Temperatures in the Great Lake reached a record breaking 80F – almost as high as bathwater – amid fears of blooming poisonous algae
- The increase comes during a heat wave along the east and U.S. borders with Canada, which has produced algal blooms that are harmful to aquatic animals
- Lake Erie, the southernmost and shallowest of the five lakes, was by far the warmest; on July 10, the average was 79.52F – 41F above the normal
- Temperatures are ‘abnormally high compared to recent years,’ Andrea Vander Woude, manager of the Great Lakes CoastWatch program
- Flowering cyanobacteria can be toxic to humans and fish
The Great Lakes have reached a record-breaking 80F for this time of year, almost as hot as bath water.
The increase comes during a heat wave along the east and the U.S. border with Canada, which has produced algal blooms that are harmful to aquatic animals.
Lake Erie, the southernmost and shallowest of the five lakes, was by far the warmest; on July 10, the average was 79.52F – 41F above normal and the aggregate hottest ever for that time of year.
It means that Erie is warmer than the Pacific Ocean, loved by surfers in California and only marginally cooler than the sea water in Florida.
Lake Ontario clocked temperatures of 77.18F on July 10, which is about 42.8F higher than normal and also a record for every month of the year.
Lake Erie, the southernmost and shallowest of the five lakes, was by far the warmest; on July 10, the average was 79.52F – 41F above normal and the aggregate hottest ever for that time of year
Aerial view of Port Huron on Lake Huron with its pink sand beach and turquoise blue water
WHAT ARE THE RISKS OF ALGAE FLOWERS?
Technically called cyanobacteria, the old class of organisms that create the flowers, is present almost everywhere where water is found, but thrives in warm, silent bodies like lakes and ponds.
They also create a unique class of toxins, the impact of which on humans is only partially understood.
Long doses associated with animal deaths can cause high doses of the toxins in humans to damage the liver and affect the nervous system.
The largest outbreaks have affected hundreds by flowers in reservoirs and lakes, and officials in some areas are now routinely closing water used for recreation and alerting when flowers bloom.
But less is known about exposure at lower doses, especially in the long term.
Small studies have linked exposure to liver cancer – one toxin has been classified as a carcinogen and others have pointed to possible links to neurodegenerative diseases.
Lake Huron seared at 72.14F on July 9, also 42.8F above its norm and the hottest temperature ever in July.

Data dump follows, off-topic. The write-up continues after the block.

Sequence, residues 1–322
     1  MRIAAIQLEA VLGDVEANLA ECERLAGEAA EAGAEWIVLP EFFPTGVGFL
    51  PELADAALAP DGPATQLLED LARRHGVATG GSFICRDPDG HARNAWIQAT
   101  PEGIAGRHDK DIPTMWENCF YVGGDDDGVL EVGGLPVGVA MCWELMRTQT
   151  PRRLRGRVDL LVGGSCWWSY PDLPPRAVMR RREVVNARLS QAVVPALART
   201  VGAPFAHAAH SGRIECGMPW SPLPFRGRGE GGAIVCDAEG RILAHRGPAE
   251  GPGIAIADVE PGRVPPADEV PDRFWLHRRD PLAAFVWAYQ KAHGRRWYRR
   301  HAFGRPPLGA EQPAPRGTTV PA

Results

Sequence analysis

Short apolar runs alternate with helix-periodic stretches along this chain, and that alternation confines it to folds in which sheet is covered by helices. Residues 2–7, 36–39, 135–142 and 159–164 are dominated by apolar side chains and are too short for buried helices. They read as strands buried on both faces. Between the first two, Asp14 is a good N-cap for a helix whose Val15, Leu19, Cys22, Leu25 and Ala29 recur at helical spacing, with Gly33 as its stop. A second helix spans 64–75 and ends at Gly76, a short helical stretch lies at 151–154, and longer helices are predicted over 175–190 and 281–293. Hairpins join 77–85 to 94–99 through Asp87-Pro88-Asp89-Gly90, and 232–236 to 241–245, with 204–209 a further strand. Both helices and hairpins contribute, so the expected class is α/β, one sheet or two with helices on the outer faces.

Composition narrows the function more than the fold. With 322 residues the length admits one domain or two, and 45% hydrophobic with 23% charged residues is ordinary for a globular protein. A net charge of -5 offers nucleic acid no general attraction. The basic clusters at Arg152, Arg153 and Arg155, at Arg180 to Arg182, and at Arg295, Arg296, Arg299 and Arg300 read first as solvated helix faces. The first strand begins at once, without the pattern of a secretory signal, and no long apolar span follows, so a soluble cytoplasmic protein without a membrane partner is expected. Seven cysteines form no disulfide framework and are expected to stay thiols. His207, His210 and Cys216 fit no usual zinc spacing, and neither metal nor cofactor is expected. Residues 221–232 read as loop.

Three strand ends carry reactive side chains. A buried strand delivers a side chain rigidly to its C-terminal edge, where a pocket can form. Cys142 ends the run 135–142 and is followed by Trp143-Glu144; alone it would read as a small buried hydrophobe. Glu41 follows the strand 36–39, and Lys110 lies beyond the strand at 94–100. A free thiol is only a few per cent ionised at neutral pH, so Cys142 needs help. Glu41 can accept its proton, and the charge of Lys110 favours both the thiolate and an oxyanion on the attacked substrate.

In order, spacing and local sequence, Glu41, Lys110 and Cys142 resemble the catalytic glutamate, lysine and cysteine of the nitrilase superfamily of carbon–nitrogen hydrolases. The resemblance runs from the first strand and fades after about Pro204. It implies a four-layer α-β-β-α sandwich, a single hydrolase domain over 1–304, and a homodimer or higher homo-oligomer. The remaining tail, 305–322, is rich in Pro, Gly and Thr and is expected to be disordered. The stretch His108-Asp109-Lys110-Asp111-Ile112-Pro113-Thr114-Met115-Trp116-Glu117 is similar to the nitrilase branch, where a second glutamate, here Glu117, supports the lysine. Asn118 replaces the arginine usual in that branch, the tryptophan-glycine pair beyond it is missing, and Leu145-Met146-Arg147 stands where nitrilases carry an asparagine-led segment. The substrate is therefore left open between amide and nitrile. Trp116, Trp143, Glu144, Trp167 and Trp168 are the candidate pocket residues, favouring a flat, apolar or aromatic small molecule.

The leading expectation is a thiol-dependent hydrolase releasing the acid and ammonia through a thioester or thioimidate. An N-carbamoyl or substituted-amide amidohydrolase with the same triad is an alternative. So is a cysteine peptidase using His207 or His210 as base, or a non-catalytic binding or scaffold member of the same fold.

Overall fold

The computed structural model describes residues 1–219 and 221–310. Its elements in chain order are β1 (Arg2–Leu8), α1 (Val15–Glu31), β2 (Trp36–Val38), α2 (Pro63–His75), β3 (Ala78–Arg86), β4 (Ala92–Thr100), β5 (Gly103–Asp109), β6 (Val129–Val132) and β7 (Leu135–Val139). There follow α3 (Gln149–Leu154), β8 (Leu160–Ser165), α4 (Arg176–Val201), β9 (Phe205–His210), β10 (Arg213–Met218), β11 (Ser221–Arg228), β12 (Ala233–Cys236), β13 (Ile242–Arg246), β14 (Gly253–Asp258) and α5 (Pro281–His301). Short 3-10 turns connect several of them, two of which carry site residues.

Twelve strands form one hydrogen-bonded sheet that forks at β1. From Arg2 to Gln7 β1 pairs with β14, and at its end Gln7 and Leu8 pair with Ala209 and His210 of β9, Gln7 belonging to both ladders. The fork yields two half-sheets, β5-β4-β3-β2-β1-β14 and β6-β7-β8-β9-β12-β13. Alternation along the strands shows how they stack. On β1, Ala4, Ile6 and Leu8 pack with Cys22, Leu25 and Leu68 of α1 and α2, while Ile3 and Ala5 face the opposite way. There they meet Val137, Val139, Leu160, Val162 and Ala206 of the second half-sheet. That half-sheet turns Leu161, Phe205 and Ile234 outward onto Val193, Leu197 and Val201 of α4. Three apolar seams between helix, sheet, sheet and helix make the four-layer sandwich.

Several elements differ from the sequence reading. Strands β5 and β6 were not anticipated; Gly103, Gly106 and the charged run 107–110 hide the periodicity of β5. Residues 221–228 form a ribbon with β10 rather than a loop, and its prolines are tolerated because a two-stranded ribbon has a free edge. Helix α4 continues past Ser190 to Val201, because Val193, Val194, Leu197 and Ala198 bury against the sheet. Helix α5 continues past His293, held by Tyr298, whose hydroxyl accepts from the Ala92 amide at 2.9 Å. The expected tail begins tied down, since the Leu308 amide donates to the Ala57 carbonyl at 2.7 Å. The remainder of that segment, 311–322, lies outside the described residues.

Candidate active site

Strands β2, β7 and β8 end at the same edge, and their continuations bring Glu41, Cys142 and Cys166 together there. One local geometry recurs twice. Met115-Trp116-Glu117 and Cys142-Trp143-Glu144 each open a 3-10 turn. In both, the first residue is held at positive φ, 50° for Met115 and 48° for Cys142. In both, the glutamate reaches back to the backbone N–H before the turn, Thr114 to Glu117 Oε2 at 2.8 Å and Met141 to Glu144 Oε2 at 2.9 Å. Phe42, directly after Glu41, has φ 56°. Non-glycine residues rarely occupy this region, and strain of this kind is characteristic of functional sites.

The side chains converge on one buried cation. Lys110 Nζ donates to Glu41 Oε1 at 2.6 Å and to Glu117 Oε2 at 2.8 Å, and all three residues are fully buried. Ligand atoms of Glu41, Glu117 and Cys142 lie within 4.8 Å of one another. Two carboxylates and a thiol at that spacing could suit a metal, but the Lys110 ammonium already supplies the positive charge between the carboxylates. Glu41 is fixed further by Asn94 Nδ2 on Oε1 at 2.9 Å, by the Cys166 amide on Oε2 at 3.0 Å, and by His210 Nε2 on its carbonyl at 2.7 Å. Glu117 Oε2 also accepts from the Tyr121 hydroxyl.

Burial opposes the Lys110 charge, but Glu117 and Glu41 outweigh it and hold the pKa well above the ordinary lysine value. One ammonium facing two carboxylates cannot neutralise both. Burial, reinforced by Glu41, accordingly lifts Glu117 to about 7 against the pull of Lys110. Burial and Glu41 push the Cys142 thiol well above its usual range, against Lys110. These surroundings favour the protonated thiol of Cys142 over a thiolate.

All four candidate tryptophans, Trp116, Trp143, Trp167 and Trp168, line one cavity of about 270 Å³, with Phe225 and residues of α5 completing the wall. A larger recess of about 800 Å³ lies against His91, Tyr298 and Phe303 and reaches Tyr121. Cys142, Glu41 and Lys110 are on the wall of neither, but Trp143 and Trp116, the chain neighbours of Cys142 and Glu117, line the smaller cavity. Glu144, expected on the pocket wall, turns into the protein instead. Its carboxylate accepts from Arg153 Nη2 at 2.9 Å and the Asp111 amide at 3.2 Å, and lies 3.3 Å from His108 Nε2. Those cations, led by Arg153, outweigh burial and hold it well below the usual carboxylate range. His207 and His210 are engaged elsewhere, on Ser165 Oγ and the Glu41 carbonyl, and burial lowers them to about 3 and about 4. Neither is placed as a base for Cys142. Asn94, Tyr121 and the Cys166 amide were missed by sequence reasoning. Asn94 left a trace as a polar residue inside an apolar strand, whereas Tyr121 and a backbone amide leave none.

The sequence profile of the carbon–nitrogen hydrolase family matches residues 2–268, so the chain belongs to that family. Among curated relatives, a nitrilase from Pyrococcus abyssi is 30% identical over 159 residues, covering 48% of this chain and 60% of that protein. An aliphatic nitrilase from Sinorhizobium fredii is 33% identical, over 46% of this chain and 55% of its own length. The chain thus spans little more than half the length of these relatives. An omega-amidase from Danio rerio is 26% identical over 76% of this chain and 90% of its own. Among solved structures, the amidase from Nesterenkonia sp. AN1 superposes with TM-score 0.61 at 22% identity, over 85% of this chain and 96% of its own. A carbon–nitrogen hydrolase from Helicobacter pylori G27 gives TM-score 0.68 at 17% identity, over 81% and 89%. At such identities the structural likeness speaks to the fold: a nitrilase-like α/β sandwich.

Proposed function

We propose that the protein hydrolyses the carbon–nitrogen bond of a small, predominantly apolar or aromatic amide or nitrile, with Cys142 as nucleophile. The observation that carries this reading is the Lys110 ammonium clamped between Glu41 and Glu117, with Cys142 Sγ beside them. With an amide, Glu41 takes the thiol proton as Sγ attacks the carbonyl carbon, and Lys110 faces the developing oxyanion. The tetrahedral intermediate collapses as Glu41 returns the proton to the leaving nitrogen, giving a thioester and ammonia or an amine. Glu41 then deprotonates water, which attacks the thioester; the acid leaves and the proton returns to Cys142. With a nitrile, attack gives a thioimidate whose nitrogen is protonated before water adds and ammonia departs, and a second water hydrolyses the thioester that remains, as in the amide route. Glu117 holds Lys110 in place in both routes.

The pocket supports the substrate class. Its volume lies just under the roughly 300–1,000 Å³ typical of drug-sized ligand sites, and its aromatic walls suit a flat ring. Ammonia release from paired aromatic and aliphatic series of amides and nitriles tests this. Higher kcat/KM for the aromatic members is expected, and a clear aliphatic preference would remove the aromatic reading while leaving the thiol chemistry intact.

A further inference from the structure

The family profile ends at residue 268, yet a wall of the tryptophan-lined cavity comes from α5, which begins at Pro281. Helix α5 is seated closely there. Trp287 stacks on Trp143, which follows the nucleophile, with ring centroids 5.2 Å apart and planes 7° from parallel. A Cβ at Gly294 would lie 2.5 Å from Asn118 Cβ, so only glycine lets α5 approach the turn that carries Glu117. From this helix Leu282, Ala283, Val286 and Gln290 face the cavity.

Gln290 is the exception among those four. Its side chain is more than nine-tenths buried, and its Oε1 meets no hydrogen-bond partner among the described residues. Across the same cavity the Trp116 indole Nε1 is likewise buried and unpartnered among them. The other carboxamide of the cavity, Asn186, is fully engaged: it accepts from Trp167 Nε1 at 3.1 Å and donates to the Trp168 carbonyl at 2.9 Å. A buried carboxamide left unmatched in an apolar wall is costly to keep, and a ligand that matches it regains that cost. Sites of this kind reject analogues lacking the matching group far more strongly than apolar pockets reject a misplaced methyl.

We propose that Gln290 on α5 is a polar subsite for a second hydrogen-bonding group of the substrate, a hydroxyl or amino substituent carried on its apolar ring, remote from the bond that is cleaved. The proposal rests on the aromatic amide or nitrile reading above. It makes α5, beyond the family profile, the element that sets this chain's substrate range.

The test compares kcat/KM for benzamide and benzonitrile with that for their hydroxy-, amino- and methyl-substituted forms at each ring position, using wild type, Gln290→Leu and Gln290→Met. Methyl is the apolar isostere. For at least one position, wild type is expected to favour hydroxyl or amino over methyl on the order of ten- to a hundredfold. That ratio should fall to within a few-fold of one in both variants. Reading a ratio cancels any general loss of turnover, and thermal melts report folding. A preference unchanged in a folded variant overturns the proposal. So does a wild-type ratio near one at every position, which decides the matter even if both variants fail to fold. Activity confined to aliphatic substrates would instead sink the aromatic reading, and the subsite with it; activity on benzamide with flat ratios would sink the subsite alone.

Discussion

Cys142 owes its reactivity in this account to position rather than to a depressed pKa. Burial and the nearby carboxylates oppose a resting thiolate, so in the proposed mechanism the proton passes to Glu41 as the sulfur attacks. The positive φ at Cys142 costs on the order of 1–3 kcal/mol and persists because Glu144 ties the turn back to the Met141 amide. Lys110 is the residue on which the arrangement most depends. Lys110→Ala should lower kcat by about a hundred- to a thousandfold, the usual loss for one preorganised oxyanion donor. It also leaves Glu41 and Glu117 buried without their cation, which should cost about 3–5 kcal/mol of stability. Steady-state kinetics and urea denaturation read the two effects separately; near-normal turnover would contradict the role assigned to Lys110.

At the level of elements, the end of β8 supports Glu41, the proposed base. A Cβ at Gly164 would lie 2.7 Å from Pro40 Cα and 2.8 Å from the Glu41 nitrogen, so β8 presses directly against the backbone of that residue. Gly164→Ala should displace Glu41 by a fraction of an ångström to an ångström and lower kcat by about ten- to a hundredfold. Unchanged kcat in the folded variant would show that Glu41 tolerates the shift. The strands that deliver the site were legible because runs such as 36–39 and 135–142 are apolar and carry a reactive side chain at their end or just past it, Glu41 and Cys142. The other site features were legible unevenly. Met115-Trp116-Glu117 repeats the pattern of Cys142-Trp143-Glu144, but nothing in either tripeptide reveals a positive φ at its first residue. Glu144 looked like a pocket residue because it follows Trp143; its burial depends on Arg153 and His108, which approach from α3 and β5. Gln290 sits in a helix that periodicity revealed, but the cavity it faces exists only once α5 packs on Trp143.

To the west, Lake Michigan was at 75.02F on July 8, it was also around 43F above what scientists would consider normal.
Lake Superior was the only one that didn’t cross the 70F threshold, as it was at the highest of the five.
Temperatures are “abnormally high compared to recent years,” Andrea Vander Woude, manager of the Great Lakes CoastWatch program.
‘It was really cold last year and there was a lot of rain. There hasn’t been much rain this year and it’s been persistently hot, “she said The Washington Post.
Water temperatures rose last week before a cold front over the weekend triggered freezing storms that helped cool the lakes.
But temperatures usually peak in August, and Vander Woude told the paper she expects it to rise significantly higher: “We haven’t even reached the tip of that curve that usually occurs later [in the summer]. ‘
She added that NOAA planes had noticed blue-green algae or cyanobacteria on Lake Erie that had previously affected the water supply in Toledo.
“This is the second earliest we’ve seen [the algae] in our records since 2002, ”Richard Stumpf, an oceanographer at NOAA, told the Post in an email. “The earliest was in late June 2018.”
The cyanobacteria can produce a liver toxin called microcystin, which is harmful to humans and animals.
The degree of toxicity at any one time is not related to the size of the bloom, as toxins in a larger mass may be less concentrated than in a smaller one.
The Chicago skyline and waterfront of the Chicago River, Illinois, which flows from Lake Michigan
NOAA and other U.S. and Canadian agencies have set a goal to reduce Lake Erie’s bloom to a 3 on the index, which was last seen in 2012.
In addition to the algae, Stumpf said that fish do not do well in too warm water because they swim to the cooler parts of the lake, decreasing the oxygen content in those areas.
Climate Central, a non-profit science communications organization, noted that rising temperatures were part of a trend.
Last year it wrote, “Every large lake has warmed at least 1.5 F since 1995 (when data for all lakes became available), led by Lake Ontario at 2.2 F.”